No one would really like that though, they'd much rather wipe the drool of their keyboard while watching a skateboarding dog on youtube, and go around poking people on that book of faces thing. Ungrateful whippersnappers.
I don't claim to be an expert on our cousins over the pond, but in my limited experience I was under the impression that:
1) They really love pr0n. They buy and watch more pr0n than most of the rest of the world put together.
2) They really hate taxes. 'What's that? There's a man at the door wants me to take 3 cents off my wages so that poor people can get free healthcare?' 'Get me my gun honey!'
So... the plan is to provide free internet with no boobies, paid for by taxation?
Yeah. That's going to happen.
Supposing this did get anywhere near enacted, it'd be stillborn - for all the reasons I read in the comments, and one more.
Nobody would use it. Actually, that's a lie, a very very small minority of people would use it. Parents would _try_ to get their kids to only use that system, but the kids would subvert it somehow, rendering it pointless as a KiddieNet system.
Simple truth is, this is more moral majority crap from a country which trowels on the Religious facepaint over the syphilitic sores dribbling repugnant hypocritical pus down their maccie-d overstuffed chipmunk cheeks.
I'm not a fan of the US.
The plan is that this will be provided free, not that it will be funded by taxes. It's more likely to be funded by adverts in the same what that a lot of TV stations are. This means that when you browse, you'll get random popups from your internet connection as well as the sites that you are visiting... A bit like D-Link (I think it was) tried at one point. I don't think it'll work (personally, I'd use a tunnel/vpn to a machine out on the net, and then get "full" access), but that seems to be the plan.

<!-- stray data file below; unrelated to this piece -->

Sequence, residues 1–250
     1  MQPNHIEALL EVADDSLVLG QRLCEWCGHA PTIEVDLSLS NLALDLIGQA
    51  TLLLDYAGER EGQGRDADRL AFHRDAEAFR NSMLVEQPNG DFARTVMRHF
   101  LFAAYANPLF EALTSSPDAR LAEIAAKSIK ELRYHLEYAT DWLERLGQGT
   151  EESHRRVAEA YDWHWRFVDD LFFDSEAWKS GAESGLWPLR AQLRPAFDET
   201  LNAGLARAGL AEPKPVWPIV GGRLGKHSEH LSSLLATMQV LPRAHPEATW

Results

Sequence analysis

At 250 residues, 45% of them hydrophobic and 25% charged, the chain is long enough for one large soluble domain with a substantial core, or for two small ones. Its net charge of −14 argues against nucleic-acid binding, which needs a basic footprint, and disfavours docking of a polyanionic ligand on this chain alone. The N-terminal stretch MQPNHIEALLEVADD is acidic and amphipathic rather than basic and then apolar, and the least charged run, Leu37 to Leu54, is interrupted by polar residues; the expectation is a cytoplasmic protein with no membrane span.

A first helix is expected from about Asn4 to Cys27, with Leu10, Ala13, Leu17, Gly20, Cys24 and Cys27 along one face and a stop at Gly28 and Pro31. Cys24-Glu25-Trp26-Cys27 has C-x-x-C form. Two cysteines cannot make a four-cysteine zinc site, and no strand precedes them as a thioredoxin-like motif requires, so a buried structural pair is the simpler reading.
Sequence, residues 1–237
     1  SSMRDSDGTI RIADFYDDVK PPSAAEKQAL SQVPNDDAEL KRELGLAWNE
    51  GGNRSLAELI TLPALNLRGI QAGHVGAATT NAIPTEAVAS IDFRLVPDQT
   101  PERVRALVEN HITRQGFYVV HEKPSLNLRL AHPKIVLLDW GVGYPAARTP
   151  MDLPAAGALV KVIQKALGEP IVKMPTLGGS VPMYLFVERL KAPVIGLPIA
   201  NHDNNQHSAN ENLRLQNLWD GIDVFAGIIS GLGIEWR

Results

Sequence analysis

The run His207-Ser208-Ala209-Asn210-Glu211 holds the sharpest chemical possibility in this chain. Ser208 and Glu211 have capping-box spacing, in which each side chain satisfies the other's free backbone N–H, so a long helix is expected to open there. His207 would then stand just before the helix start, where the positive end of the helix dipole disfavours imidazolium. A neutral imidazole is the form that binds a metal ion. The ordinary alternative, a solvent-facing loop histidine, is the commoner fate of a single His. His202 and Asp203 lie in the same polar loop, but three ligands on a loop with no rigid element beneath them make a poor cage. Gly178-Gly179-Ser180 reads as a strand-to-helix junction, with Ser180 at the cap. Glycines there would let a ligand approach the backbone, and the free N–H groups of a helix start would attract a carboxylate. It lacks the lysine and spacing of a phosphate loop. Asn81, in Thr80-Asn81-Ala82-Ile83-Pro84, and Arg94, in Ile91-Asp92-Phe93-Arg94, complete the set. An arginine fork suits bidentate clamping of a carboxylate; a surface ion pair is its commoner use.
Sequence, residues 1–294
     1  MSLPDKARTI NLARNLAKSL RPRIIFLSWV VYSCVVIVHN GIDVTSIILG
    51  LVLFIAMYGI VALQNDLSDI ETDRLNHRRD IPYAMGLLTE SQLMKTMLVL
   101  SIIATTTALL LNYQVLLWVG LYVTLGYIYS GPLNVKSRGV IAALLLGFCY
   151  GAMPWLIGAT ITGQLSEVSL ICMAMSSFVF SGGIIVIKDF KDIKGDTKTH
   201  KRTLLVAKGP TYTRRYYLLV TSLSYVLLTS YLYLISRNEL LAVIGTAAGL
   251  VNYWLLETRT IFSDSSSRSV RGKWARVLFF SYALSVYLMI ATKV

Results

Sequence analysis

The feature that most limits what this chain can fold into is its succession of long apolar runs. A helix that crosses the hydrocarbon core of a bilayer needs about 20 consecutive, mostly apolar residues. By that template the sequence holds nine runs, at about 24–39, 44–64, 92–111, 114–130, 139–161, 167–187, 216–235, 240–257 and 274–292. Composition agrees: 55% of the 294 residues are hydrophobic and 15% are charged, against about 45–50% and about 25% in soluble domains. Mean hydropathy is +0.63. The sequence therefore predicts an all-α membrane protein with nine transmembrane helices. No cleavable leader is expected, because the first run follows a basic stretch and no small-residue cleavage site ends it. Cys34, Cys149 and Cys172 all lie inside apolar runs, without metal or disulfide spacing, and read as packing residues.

The requirement is probably 95% of people, rather than 95% of the territory. It's a much more achievable target.
Hi, constant bombardment by all sorts of electromagnetic waves can't be healthy. I know for a long time they didn't allow home building within 1000 ft of high tension electric wires, which they now have abandoned. No one seems to care that we are being irradiated by all sorts of waves which could cause health problems. Microwaves from space, wireless, TV, radio, etc, etc. I really wonder what the heatlth risks are, afterall too much sun we know is harmful and can cause skin cancer, what about other electromagnetic waves? We don't need 'free' wireless, they tried that with phone internet, and it sucks with all the ads and poor bandwidth.
If it allows the family values of my family, it might be fine. So the exclusion/inclusion criteria have to be rational: no nonsense about "marriage is only for pro-creation" (so after her last troubled-but-successful pregnancy, when my wife had her tubes tied, we should have divorced?, and if not then, now when she is in menopause?; definitely not MY family values!), or not letting children know that homosexual people exist (the only still-married of my kids is the lesbian one, a fine family in my book), or that contraception is available (I CERTAINLY want my grand-daughters to have access to data about that, and my grandsons also), or that only Christian values truly exist (Jefferson among other US founders appears to have been an atheist, and the current rash of Islamic martyrs was preceded by similar Christian ones a few centuries ago, etc.)....
But I suppose I am just dreaming...